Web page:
Wisconsin adopted Marsy’s Law in 2020. The law unfortunately has a large potential to infringe on the rights of the accused.
Wisconsin is one of the latest states to adopt Marsy’s Law. Article 1, Section 9M of the Wisconsin constitution was created to protect a victim’s rights. Marsy’s Law has elevated victim rights to the constitutional level in Wisconsin and requires that a victim’s rights be protected in a manner no less vigorous than the protections afforded the criminal defendants. Marsy’s Law includes provisions on:
- Access to Information for victims
- Proceedings and Timely Disposition Free from Unreasonable Delay
- Rights to Notice and Being Heard
- Dignity, Respect, Courtesy, Sensitivity, Fairness, and Privacy
- Reasonable Protection from the Accused and Refusing Pretrial Discovery Requests
- Compensation and Restitution
Examining the Issues That Stem From Marsy’s Law
There is concern that Marsy’s Law will be interpreted to require or allow prosecutors, police and government offices that would otherwise have to comply with State Open Records Laws to delay or avoid entirely giving important information to the defense on a case.
Some courts in Wisconsin have interpreted Marsy’s Law as infringing on the rights of defendants to have the time necessary to prepare a defense – or even the time needed to get an attorney.
There is concern that Marsy’s Law will encourage people to declare themselves ‘victims’ of crimes and therefore avoid prosecution or assert rights they would not otherwise have.
Wisconsin Law already had strong protections for victims and those are not changed by the new constitutional provisions of Marsy’s Law. But it is not clear how courts will decide between the different laws that are supposed to protect victims and how that will affect those accused of crimes in court.
Additionally, Marsy’s Law is not clearly defined and in untested. Part of the amendment states that rights are not to be taken from the accused, but this has proven to be untrue in some situations already in court.
How Does It Affect Me?
There is no question that crime victims should be treated with respect and dignity. Their voice should be heard in court and if a person is convicted of a crime, there should be appropriate restitution.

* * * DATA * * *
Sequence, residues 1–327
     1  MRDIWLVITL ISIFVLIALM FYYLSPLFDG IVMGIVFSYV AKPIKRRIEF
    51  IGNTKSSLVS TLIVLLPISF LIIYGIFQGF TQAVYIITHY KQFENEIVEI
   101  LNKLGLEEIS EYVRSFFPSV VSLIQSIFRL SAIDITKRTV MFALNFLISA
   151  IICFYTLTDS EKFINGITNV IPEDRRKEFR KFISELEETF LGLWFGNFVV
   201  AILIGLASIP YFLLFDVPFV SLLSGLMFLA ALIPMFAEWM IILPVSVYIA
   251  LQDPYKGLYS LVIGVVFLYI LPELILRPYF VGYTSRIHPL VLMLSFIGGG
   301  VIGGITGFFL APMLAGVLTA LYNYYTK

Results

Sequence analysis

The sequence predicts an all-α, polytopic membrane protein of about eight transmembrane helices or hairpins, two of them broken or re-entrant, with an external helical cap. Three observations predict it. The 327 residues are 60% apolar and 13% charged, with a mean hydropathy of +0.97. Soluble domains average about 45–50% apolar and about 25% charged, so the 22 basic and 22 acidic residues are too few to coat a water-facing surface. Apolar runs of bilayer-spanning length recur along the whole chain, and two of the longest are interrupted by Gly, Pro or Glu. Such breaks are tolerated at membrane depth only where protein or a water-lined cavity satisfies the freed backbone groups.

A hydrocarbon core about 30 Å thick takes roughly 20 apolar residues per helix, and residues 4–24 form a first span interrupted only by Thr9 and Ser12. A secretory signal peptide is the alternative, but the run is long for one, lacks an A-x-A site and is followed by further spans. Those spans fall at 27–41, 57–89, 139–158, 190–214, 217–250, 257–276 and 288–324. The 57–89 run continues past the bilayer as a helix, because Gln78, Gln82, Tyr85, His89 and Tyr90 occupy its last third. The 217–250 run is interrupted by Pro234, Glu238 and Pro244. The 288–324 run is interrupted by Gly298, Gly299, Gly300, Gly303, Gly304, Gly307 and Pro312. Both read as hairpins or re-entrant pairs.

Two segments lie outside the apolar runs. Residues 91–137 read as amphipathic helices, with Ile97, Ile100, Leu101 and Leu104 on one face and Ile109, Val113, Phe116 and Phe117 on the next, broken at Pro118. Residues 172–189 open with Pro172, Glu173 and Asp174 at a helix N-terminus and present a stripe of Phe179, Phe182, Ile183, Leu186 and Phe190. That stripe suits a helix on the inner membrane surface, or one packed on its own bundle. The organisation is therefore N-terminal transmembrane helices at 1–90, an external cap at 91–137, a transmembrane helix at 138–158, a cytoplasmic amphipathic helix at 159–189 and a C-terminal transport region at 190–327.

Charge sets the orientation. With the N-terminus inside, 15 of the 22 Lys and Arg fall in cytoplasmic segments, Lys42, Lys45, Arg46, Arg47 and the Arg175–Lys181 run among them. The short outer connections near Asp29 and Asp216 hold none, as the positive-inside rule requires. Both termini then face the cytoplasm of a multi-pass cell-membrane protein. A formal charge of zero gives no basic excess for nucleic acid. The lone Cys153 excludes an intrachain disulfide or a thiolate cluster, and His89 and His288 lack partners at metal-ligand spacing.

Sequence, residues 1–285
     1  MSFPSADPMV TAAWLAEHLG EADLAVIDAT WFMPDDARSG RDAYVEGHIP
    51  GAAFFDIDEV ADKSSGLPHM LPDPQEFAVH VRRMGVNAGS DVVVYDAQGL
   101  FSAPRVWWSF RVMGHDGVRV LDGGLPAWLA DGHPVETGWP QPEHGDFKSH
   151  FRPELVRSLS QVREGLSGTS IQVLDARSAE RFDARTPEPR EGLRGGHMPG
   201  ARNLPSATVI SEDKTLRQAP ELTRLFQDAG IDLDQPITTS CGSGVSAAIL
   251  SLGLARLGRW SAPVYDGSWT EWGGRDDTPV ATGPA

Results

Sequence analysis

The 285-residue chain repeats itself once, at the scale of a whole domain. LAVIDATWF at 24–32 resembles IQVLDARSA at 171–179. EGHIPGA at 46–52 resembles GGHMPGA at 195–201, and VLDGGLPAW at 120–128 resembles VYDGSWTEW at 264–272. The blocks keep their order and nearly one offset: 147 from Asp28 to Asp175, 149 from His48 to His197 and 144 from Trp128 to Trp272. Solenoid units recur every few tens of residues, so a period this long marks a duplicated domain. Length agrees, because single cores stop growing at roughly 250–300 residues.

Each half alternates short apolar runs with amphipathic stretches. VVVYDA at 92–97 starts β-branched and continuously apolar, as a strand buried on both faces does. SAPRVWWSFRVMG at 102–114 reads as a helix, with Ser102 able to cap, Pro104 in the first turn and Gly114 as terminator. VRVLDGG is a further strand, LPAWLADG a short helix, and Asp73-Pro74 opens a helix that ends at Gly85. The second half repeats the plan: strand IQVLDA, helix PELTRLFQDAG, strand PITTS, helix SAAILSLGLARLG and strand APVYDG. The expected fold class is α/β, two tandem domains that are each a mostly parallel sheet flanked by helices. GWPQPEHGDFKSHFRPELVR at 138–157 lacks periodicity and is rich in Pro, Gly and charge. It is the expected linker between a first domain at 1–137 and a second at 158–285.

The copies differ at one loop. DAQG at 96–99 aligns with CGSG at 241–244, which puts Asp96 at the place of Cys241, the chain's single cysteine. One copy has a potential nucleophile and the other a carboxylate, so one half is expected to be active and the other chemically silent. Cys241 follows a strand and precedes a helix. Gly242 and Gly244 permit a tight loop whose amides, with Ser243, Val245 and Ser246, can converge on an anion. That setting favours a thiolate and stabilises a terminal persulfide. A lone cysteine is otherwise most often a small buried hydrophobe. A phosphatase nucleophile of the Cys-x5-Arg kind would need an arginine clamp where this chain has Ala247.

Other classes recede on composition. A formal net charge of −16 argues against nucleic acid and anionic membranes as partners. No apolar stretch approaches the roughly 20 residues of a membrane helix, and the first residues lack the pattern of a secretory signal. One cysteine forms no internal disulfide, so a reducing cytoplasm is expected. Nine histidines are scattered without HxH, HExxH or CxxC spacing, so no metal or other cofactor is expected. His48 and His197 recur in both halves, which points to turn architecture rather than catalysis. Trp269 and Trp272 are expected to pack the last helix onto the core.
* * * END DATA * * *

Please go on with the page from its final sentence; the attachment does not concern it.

For the protection of all Wisconsin citizens however, it is important that the State be held to the burden to prove all elements of a case beyond reasonable doubt to achieve justice. If Marsy’s Law diminishes these responsibilities on the side of the prosecution and places an undue burden on the defense it does not help achieve fair and just results in court.
Wisconsinites’ right to a fair trial must be protected. A defendant cannot be required to go to trial without full information, reports, and discovery on the case. A defendant cannot be unreasonably forced to have a hearing without an attorney.
Marsy’s Law is described by lawmakers and prosecutors as a protection that ensures equal rights for victims and defendants of purported crimes. However, Marsy’s Law could instead make our courts less fair and just. It is important to protect yourself from the potentially unconstitutional aspects of this amendment.
How Do I Protect Myself?
Don’t allow Marsy’s law to negatively impact your case.
If you, or a member of your family, are accused of committing a crime, you need a defense attorney experienced in fighting the nuances of Marsy’s Law. Welch & Schmeiser will passionately, knowledgeably, and confidently defend you against any illegal and unjust practices forced upon you by the state.
Contact us at Welch & Schmeiser Criminal Defense Group for your ultimate protection. We will fight for you!